35 Weeks Pregnant: Symptoms, Baby Position, Weight, Baby Size, Pregnancy Tips

35th Week Pregnancy Highlights

Dropping In!

Around this week, your baby might start descending into your pelvis, giving room to your lungs but exerting more pressure on your bladder.

Pee Time

As the baby descends and the pressure builds on the bladder, you might feel like peeing quite often. However, don’t cut down on your water intake as this could make you dehydrated and constipated.

Pregnancy Milestone

At week 35, you’re in the eighth month.

Your Baby’s Development During Week 35

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Week 35
Baby’s Growth

weight (kg)

2.4 kg

Length (cm)

46.2 cm

Approximate size

honeydew melon

How Big is Your Baby?

At the end of the 35th week, your baby’s brain undergoes intense growth with neurons and their connection to the brain. This will help the baby to receive brain stimulations with ease after birth. The skull surrounding the baby’s brain will remain soft because it will help the baby to easily squeeze through the birth canal during labour. This week, your little one looks more like a newborn and only a few more weeks left for his/her official arrival.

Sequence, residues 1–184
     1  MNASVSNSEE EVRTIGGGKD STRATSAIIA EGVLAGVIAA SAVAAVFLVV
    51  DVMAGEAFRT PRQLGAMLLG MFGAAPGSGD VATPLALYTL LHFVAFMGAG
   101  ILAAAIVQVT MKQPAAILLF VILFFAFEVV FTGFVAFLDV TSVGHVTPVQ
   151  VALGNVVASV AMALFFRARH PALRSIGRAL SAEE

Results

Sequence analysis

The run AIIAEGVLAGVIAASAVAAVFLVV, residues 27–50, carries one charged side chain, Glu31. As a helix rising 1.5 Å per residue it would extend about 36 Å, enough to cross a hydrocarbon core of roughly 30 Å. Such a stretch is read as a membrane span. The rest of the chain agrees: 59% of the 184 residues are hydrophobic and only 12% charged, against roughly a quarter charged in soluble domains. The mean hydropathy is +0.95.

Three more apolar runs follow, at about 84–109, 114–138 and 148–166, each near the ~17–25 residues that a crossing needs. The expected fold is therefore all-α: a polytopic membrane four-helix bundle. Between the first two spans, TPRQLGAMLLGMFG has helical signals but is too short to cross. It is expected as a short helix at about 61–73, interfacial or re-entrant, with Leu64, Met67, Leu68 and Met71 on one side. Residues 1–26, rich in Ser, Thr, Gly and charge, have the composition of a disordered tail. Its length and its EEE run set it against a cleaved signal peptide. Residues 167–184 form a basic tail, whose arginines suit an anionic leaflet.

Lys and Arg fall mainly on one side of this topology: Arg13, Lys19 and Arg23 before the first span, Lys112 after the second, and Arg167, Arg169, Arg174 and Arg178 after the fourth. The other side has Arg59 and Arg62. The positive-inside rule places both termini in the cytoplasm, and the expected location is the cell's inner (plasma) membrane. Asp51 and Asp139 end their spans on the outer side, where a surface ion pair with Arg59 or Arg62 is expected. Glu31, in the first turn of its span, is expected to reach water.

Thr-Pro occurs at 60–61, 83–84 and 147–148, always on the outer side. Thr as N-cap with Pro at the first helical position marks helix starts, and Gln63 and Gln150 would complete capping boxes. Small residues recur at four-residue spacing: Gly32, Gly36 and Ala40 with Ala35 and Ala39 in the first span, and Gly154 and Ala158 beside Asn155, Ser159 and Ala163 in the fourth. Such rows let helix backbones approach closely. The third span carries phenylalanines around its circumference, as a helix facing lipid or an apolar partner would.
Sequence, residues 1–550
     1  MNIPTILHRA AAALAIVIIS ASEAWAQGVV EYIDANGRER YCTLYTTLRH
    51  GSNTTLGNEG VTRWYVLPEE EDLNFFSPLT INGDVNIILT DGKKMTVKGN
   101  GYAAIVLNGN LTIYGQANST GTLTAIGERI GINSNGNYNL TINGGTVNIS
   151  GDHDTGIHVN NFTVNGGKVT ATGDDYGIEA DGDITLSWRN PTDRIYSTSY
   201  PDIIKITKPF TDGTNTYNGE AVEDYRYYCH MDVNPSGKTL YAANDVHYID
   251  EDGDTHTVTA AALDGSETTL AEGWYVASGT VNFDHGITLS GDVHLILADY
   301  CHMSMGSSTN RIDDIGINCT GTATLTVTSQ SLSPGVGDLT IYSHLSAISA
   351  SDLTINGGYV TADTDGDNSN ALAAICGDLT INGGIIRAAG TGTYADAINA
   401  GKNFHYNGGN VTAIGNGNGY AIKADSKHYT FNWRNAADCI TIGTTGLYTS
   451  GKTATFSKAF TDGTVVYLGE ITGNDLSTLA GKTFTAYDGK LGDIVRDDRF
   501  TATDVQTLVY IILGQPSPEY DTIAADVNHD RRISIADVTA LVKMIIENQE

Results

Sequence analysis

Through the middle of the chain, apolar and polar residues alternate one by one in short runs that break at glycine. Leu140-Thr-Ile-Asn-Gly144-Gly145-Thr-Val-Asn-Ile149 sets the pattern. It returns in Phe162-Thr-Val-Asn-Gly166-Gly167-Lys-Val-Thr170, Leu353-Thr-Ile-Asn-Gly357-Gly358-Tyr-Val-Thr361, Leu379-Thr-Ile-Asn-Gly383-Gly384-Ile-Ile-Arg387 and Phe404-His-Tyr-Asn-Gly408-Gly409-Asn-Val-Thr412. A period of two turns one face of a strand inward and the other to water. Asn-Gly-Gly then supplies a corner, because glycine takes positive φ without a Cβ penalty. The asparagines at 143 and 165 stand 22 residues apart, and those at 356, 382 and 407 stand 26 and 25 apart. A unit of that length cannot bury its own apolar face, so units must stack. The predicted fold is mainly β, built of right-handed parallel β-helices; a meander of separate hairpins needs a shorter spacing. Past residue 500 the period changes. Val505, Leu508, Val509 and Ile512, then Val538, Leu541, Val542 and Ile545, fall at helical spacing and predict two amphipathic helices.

Baby’s Length: 46.2 cm

Baby’s Weight: 2.4 Kg

Mother’s Changing Body: What to Expect

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As pregnancy progresses, your uterus has been expanded a thousand times its original size to accommodate the growing baby, amniotic fluid, sac, and placenta.

You might have gained about 11-13 kilograms by now which is considered normal in pregnant women.

You may occasionally experience breathlessness due to the pressure exerted by the uterus under the ribs. Try taking deeper breaths and rest when you feel exhausted.

35th Week Pregnancy Symptoms

Pregnancy Tips for Week 35

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This is a preconception phase and you need to take better care of yourself to ensure a smooth pregnancy. Therefore, you should:

  • To control swelling in the feet and ankles, add some cushions under the pillow and keep your feet on top of it at an elevated position.
  • To check frequent urination, limit your fluid intake as the bedtime draws closer but have sufficient water throughout the day. Never limit your water intake.
  • Read books about labour and breastfeeding or ask your gynecologist about the same to clear your doubts and get prepared for the big day.
  • Understand the difference between Braxton Hicks contractions and actual labour contractions to identify false alarms.

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